Thomas J. Litterer; Mary L. Litterer Plaintiffs - Appellants,
Rushmore Loan Management Services, LLC, as Servicing Agent for U.S. Bank National Association as Legal Title Trust for Truman 2012 SC Title Trust; U.S. Bank National Association, as Legal Title Trust for Truman 2012 SC Title Trust Defendants - Appellees.
Submitted: March 9, 2017
from United States District Court for the District of
Minnesota - Minneapolis
WOLLMAN, COLLOTON, and SHEPHERD, Circuit Judges.
COLLOTON, CIRCUIT JUDGE.
appeal arises from a foreclosure on the home of Thomas and
Mary Litterer in Burnsville, Minnesota. The home was sold at
a sheriff's sale to U.S. Bank, the mortgage owner, in
November 2014. The redemption period-that is, the period
during which the Litterers could pay off their debt and
"redeem" their property-expired on March 1, 2015.
On March 2, the Litterers sued their loan servicer, Rushmore
Loan Management Services, in Minnesota state court for breach
of contract, unjust enrichment, and injunctive relief. On May
6, 2015, the Litterers filed a lis pendens-a notice
in the property's chain of title that the property is the
subject of ongoing litigation.
removed the suit to federal district court, where the
Litterers amended their complaint to add a claim that
Rushmore violated the Minnesota statutory requirements for
handling foreclosures. See Minn. Stat. §
582.043. They also added U.S. Bank as a party. In federal
court, the Litterers pursued only their claim under §
582.043 and abandoned the others.
Stat. § 582.043, subdiv. 7(a) gives mortgagors like the
Litterers a cause of action to set aside a foreclosure sale
if the loan servicer violated the section's substantive
provisions. Section 582.043, subdiv. 7(b), however, requires
a mortgagor bringing an action under subdivision 7(a) to file
a lis pendens within the mortgagor's redemption
period. "The failure to record the lis pendens creates a
conclusive presumption that the servicer has complied with
this section." § 582.043, subdiv. 7(b). Because the
Litterers filed the lis pendens two months after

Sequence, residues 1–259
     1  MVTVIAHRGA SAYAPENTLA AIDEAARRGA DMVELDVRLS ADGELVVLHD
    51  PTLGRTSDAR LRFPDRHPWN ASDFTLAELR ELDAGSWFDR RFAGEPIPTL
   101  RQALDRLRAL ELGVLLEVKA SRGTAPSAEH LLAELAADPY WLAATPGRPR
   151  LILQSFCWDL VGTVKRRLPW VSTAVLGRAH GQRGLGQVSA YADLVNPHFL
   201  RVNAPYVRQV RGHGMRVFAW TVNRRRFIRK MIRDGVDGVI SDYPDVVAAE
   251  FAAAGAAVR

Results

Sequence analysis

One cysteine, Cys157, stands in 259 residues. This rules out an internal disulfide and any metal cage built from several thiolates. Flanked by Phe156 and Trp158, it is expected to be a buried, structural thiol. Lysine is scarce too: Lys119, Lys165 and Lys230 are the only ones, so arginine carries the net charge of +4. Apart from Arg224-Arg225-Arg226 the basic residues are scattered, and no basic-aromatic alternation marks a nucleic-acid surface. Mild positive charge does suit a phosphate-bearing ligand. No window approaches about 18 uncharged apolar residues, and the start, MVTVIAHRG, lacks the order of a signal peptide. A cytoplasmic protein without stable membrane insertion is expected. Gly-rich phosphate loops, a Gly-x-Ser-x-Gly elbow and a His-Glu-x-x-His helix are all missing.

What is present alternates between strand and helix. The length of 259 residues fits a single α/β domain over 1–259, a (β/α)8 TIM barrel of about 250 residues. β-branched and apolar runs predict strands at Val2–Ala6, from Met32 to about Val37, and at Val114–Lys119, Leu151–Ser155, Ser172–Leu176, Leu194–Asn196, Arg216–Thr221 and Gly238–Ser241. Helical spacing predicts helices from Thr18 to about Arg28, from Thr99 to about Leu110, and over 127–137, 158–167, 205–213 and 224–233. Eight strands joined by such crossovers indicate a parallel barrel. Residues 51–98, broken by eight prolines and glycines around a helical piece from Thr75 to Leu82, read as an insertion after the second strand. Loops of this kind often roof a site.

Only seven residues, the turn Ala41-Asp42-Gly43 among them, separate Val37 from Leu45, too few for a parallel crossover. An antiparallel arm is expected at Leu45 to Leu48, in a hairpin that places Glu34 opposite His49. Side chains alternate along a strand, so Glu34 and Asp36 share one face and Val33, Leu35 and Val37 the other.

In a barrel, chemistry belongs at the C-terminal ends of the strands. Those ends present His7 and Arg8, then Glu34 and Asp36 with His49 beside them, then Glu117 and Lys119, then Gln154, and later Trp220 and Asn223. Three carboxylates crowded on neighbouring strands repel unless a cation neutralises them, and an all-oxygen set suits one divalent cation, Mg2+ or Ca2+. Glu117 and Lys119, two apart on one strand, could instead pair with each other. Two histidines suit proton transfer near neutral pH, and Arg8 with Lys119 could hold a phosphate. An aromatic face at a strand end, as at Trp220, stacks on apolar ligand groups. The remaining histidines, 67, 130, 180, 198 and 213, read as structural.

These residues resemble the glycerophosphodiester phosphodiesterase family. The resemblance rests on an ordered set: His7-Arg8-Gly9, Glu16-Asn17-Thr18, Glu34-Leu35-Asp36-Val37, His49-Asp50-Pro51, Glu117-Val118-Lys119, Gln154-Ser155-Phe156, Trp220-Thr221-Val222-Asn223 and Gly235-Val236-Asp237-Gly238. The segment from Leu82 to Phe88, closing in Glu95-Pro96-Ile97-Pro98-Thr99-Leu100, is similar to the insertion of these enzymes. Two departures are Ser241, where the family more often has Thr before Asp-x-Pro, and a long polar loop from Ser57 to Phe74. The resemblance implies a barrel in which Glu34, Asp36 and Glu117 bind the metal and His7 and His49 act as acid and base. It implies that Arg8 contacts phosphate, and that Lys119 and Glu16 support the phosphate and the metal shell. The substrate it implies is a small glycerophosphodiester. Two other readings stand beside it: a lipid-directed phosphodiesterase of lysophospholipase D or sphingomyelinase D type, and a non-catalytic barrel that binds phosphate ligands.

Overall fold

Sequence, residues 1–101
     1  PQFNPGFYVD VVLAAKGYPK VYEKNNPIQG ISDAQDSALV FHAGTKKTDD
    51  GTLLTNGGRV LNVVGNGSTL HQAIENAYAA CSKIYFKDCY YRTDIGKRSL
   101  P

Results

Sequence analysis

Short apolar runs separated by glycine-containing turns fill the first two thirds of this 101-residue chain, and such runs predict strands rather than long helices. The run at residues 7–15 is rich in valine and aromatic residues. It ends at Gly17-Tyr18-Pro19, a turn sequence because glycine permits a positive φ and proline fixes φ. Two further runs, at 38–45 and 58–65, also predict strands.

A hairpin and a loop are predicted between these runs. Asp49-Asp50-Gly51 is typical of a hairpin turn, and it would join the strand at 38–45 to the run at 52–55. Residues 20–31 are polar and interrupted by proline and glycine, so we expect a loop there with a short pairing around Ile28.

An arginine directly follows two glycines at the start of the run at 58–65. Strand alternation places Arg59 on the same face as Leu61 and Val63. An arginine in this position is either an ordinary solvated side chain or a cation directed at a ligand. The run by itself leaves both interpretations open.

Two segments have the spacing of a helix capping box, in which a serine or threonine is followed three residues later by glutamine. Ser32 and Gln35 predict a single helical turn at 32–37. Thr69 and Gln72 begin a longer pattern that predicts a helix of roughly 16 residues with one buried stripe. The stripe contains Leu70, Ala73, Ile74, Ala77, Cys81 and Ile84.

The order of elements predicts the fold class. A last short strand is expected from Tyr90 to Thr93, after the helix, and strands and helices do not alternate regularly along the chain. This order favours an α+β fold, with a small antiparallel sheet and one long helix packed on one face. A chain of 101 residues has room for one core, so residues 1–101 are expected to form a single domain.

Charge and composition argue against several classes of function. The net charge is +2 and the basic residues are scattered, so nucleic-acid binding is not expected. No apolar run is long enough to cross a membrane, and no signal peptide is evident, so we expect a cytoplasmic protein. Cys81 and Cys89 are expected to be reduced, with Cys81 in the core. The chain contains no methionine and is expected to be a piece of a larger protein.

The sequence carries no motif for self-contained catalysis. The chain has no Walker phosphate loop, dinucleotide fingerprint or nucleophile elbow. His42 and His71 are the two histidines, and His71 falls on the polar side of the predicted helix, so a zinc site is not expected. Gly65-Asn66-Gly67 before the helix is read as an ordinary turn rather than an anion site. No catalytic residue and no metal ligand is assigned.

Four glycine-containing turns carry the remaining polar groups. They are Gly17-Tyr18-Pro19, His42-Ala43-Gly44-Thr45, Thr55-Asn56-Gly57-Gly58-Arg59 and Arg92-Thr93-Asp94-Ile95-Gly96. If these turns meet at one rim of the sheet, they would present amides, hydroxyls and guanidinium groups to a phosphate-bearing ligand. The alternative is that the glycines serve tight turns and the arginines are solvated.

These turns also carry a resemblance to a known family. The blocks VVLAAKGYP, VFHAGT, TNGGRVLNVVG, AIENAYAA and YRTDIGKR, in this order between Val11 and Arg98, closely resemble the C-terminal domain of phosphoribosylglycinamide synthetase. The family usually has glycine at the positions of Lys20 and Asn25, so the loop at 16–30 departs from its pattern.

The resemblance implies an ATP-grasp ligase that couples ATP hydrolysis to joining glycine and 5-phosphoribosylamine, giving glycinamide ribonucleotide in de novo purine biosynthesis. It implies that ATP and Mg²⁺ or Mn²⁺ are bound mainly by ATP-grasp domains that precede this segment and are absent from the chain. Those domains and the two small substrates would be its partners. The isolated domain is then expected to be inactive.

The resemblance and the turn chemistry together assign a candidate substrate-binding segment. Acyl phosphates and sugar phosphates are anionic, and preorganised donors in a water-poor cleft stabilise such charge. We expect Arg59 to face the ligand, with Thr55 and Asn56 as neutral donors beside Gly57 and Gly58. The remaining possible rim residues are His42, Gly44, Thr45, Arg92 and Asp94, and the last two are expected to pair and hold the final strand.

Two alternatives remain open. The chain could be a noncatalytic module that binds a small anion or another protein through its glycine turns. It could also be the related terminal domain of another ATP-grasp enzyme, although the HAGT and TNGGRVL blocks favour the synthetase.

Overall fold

their redemption period expired, normal operation of §
582.043, subdiv. 7(b) would create the conclusive presumption
that Rushmore complied with the statute and thereby bar any
relief to the Litterers.
Rule of Civil Procedure 6.02, however, authorizes courts in
their discretion to extend a deadline in certain
circumstances. As relevant here, Rule 6.02 provides:
"When by statute . . . an act is required or allowed to
be done at or within a specified time, the court for cause
shown may . . . upon motion made after the expiration of the
specified period permit the act to be done where the failure
to act was the result of excusable neglect . . . ." If
Rule 6.02 may be used to extend the deadline in §
582.043, subdiv. 7(b), then the Litterers' failure to
file the lis pendens within the redemption period
does not necessarily trigger the provision's conclusive
presumption, and the Litterers may still have a viable claim
and U.S. Bank moved for summary judgment in part on the
ground that the Litterers did not file the lis
pendens within the redemption period as required by
§ 582.043, subdiv. 7(b). In response, the Litterers
conceded that they were late in filing the lis
pendens but urged that the court should extend the
filing deadline for "excusable neglect" under
Minnesota Rule of Civil Procedure 6.02. Applying Minnesota
law, the district court concluded that Rule 6.02 may not be
used to extend the lis pendens deadline, and
therefore granted summary judgment in favor of Rushmore and
Litterers appeal and argue that the district court erred by
concluding that it could not employ Rule 6.02 to extend the
lis pendens deadline. Because the Litterers'
claim turns on the application of Rule 6.02, we certified the
following question to the Minnesota Supreme Court: "May
the lis pendens deadline contained in Minn. Stat.
Sec. 582.043, subd. 7(b) be extended upon a showing of
excusable neglect pursuant to Minn. R. Civ. P. 6.02?"
Minnesota Supreme Court accepted the certified question and
issued an opinion answering the question in the negative.
Litterer v. Rushmore Loan Mgmt. Servs., LLC, 905
N.W.2d 623, 624 (Minn. 2018). The court explained that
Minnesota's Rules of Civil Procedure cannot modify
substantive law, id. at 626, and determined that
"extending the deadline in Minn. Stat. § 582.043,
subd. 7(b), would alter the substantive rights of the
litigants." Id. at 628. As a result, the court
concluded that "Rule 6.02 may not be used to extend this
Minnesota Supreme Court's decision resolves this appeal.
There is no dispute that the Litterers failed to file the
lis pendens within their redemption period as
required by § 582.043, subdiv. 7(b). Because Rule 6.02
may not be used to extend the deadline, subdivision 7(b)
required the district court to apply the conclusive
presumption that Rushmore complied with the requirements of
§ 582.043. The district court therefore correctly
determined as a matter of law that the Litterers were not
entitled to relief on their claim under § 582.043.
judgment of the district ...